We are not inherently an English-speaking country. It was a vestige of the past that we continued to speak in English and we actually judged people by their ability to speak in English. There was an erroneous correlation drawn between intelligence and ability to speak English and luckily, we have discovered that. It took us a long time but we have discovered that it was erroneous.

The future is almost entirely in the vernacular languages. A tiny fraction of the population watches English news – they’re only full of self-importance but not anything else. It is very important for people entering into the profession now to be able to speak English because it is their window to the world. Otherwise their vision becomes narrow and they become too localised. But the mass broadcast will increasingly become regional.

Between quizzing, radio commentary, television commentary, video blogs, writing columns, if you had to pick one, what would it be?

There’s a buzz about live television, in that, all your senses have to be focused on one thing. It is very difficult to replicate that.

Quizzing is a little easier because I already have the questions. The tougher job is handled by the people preparing the questions and the people answering the questions who make the whole experience interesting.

Writing takes me a long time. I only write once a week now.

You wrote a blog post predicting a grim future for test cricket, comparing the game’s oldest format to a terminally ill patient. Do you think interest in it can be revived?

In England there is a reverence given to test cricket. In Australia too, on the odd day that India or England is playing them. But then you watch a test match between Australia and Sri Lanka and there’s hardly anybody there.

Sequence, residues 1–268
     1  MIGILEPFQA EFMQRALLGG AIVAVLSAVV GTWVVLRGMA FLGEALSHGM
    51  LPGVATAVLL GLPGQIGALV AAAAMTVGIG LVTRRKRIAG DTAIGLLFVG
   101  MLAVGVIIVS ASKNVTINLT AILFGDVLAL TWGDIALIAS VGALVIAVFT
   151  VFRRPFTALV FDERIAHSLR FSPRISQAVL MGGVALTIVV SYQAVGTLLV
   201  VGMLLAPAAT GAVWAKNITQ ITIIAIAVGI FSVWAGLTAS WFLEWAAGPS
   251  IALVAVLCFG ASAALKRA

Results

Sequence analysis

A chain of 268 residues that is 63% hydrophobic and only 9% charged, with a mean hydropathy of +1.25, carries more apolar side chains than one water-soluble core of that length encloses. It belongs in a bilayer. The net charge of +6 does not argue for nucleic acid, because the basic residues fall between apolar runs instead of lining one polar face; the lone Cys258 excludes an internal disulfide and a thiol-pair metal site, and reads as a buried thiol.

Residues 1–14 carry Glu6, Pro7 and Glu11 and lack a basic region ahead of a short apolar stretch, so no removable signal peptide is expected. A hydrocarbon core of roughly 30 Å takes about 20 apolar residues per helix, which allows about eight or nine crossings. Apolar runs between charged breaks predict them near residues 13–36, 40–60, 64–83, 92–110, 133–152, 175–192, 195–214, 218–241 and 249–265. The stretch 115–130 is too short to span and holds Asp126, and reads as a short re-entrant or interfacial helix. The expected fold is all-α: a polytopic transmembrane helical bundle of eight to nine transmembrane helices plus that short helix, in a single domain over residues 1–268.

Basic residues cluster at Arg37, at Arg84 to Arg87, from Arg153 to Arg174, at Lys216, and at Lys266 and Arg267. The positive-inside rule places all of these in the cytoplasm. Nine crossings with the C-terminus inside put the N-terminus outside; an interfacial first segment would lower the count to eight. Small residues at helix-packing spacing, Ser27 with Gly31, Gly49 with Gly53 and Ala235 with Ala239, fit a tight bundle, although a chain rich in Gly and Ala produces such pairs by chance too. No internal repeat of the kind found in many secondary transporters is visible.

It is a very romantic notion - reviving test cricket. Can you draw people back to long playing (LP) records? Or draw people back to writing inland letters?

What has happened is people still follow test cricket but they’re not watching it. That it has survived so many years is incredible. I love test cricket very, very dearly but it is being propped up. If you took a business decision, you wouldn’t play test cricket.

The entire business is sustained on advertising in India and not like the subscription or Netflix model followed abroad. There, in a year, people have so many days of cricket and they pay for it. In our country, revenue from subscription is very small.

In the past, cricket was a community or family experience, where a lot of people would flock to one house to watch ODIs or tests. Has this kind of viewing experience changed and will broadcasting change with it?

I think it will, going ahead, if people start watching the game on their phones.

You don’t want to watch alone because you want to share your emotions. If India is doing well, you want to scream with everybody. I think this will still continue for a while, but maybe not to the same extent because we have more TVs now.

Also, I don’t know if club loyalties have caught up to the same extent. Does an RCB defeat or an RCB win mean as much as an India defeat or an India win? You never know. I mention RCB not because I am in Bengaluru but because they have very, very loyal fans. I see club culture getting stronger. It is how sport sustains itself across the world.

Cricket is one of the only major sports that survive on country versus country contests. Tennis is an individual sport. Football is a club sport for most of the year. Cricket is the only major sport that pits countries against each other for most of the year.